Figure 2: Images of some important steps in the culturing procedure. (A) This image shows the frames with panels for collecting new populations from the field. (B) This image shows the panels with adult barnacles of B. improvisus in racks that are placed in trays. The panels are placed about 2 cm apart. (C) This image shows the trays with the barnacle panels and the feeding tank to the left. From each tray, there is an outlet where the sieves are placed for the collection of nauplius larvae. (D) This image shows the production of Artemia feed for the adult barnacles. (E) This image shows the rearing of nauplii in buckets placed in a water bath set to 26 °C. Please click here to view a larger version of this figure.

Figure 3
Figure 3: Description of the initial dissection steps of adult barnacles: removing the body from its shell. (A) Grab one of the opercular plates by inserting forceps gently through the aperture. Pull gently to remove the plate and expose the animal. (B) Pull out the animal by grabbing the soma part just below the cirri. (C) This panel shows the overall anatomy of acorn barnacles. The mantle and potentially fertilized eggs (in the ovary) stay in the shell cavity when the body is pulled out. A note on barnacle anatomy (for a more in-depth account, see Anderson)9: the wall plates of a barnacle slope inward, and together, they form a volcano-like cone. An opening, the aperture, is covered by the two opercular plates, which form a door, or operculum, to close the aperture. Acorn barnacles generally have a calcareous basal plate that is glued firmly to the substratum; however, some species of barnacles lack this calcareous plate (e.g., S. balanoides). Barnacles secrete the exoskeleton from the darkly pigmented mantle (the carapace). The outer surface of the double-layered mantle is calcified to become rigid, while the inner surface of the mantle is not calcified and is therefore flexible. Inside the aperture, the cirri are present in a retracted position. These are the thoracic appendages that barnacles use for suspension feeding. The ovaries are located close to the base of the barnacle, while the testes lie in the soma. This figure has been adopted from Panova et al.21 and has been published with permission from Springer. Please click here to view a larger version of this figure.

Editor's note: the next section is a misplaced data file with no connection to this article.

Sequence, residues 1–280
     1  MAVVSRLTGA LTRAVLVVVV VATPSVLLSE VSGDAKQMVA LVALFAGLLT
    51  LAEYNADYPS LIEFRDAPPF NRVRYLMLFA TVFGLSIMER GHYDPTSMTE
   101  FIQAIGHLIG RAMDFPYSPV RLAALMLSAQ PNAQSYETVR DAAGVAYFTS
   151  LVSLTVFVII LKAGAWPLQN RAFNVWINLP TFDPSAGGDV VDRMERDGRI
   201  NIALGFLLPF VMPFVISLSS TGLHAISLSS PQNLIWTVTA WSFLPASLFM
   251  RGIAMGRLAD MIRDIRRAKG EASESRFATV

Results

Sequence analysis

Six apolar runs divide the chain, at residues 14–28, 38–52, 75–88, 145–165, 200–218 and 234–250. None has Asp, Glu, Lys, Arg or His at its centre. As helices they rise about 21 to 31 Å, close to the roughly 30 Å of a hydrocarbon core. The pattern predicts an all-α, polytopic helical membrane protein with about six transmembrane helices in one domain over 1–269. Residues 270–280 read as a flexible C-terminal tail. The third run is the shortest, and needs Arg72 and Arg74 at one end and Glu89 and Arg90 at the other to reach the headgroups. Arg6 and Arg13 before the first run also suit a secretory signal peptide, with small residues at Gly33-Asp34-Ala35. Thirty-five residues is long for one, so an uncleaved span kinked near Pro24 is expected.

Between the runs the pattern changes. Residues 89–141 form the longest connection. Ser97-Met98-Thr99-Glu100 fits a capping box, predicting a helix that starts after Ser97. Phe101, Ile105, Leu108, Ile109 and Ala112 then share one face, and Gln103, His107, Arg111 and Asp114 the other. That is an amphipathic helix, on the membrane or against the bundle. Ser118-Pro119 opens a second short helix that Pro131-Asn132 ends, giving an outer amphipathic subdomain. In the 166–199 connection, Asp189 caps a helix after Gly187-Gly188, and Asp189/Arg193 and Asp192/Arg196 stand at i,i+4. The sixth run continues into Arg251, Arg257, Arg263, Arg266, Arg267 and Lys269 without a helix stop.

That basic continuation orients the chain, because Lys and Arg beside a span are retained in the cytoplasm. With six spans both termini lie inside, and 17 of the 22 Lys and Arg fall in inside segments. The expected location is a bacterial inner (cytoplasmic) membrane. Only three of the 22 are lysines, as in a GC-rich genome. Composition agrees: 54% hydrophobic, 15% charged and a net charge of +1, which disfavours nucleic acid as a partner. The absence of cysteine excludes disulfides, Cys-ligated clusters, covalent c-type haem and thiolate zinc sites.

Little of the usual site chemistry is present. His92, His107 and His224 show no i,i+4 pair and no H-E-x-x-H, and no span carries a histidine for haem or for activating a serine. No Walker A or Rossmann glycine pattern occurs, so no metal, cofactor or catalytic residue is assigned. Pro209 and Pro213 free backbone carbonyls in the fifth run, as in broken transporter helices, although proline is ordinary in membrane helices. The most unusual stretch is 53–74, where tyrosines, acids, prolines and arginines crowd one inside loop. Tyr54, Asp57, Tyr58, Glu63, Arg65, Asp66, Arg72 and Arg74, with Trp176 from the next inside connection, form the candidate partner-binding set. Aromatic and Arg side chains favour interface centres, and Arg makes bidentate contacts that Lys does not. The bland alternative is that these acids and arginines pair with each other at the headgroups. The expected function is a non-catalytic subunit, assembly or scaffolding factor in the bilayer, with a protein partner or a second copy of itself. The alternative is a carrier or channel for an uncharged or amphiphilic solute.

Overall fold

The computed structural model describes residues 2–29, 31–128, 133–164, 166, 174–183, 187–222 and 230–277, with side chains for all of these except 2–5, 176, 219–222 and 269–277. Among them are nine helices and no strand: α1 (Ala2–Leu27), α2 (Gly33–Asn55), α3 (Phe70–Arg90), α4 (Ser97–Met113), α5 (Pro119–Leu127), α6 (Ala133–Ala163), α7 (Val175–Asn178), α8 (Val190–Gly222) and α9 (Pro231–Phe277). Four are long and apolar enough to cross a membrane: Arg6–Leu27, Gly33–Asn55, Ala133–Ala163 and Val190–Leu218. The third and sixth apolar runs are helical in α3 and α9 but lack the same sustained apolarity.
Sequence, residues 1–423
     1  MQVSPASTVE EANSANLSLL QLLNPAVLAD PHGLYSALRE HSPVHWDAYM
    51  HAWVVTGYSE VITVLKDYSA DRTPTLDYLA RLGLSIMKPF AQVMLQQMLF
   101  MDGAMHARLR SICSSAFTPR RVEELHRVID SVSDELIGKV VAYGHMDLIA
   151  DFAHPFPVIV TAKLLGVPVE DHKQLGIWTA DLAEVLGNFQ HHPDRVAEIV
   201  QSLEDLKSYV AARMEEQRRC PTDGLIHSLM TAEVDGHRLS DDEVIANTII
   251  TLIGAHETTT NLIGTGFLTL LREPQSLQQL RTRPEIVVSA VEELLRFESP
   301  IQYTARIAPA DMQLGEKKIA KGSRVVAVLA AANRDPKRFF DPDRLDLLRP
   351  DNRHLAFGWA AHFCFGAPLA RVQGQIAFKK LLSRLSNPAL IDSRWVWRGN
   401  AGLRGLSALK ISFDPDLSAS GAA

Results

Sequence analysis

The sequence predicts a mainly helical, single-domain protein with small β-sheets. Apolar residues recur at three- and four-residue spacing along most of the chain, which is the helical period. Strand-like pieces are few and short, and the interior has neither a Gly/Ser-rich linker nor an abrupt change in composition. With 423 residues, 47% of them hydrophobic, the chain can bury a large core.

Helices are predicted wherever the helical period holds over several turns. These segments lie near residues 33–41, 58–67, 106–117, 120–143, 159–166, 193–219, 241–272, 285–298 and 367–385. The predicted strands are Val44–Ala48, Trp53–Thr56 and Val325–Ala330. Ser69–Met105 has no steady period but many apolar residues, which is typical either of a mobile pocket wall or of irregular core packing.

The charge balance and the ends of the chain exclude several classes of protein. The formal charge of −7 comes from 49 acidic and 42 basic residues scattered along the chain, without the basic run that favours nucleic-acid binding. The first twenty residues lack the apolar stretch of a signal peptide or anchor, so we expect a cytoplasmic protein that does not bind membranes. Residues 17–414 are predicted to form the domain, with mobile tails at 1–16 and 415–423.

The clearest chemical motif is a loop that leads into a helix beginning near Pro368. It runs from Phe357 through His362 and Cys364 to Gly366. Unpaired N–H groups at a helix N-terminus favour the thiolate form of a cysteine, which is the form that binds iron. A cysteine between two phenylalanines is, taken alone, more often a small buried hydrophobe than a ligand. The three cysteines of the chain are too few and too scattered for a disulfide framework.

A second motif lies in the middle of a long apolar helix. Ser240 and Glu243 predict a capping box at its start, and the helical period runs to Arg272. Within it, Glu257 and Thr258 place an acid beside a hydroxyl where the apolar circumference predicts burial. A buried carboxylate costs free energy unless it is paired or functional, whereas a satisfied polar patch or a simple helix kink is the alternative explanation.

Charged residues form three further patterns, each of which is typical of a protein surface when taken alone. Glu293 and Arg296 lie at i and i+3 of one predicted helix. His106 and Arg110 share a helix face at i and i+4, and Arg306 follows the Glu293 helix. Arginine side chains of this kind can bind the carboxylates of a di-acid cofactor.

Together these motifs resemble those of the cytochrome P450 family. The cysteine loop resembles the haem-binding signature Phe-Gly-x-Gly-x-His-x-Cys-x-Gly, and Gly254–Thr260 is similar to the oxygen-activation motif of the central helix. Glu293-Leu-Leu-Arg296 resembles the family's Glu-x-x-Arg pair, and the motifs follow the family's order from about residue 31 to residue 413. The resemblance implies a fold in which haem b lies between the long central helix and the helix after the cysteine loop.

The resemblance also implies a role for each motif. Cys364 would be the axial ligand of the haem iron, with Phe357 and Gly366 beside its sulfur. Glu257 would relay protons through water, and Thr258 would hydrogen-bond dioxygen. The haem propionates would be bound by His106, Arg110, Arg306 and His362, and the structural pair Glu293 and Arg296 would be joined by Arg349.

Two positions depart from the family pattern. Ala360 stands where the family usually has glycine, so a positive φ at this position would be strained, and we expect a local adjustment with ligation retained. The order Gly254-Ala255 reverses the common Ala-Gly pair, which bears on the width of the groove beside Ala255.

Figure 4
Figure 4: Determination of rRNA integrity by capillary gel electrophoresis. RNA was prepared by two different homogenization methods: (A) sonication and (B) ceramic beads. The unit on the y-axis, FU, stands for fluorescence units. Please click here to view a larger version of this figure.

Figure 5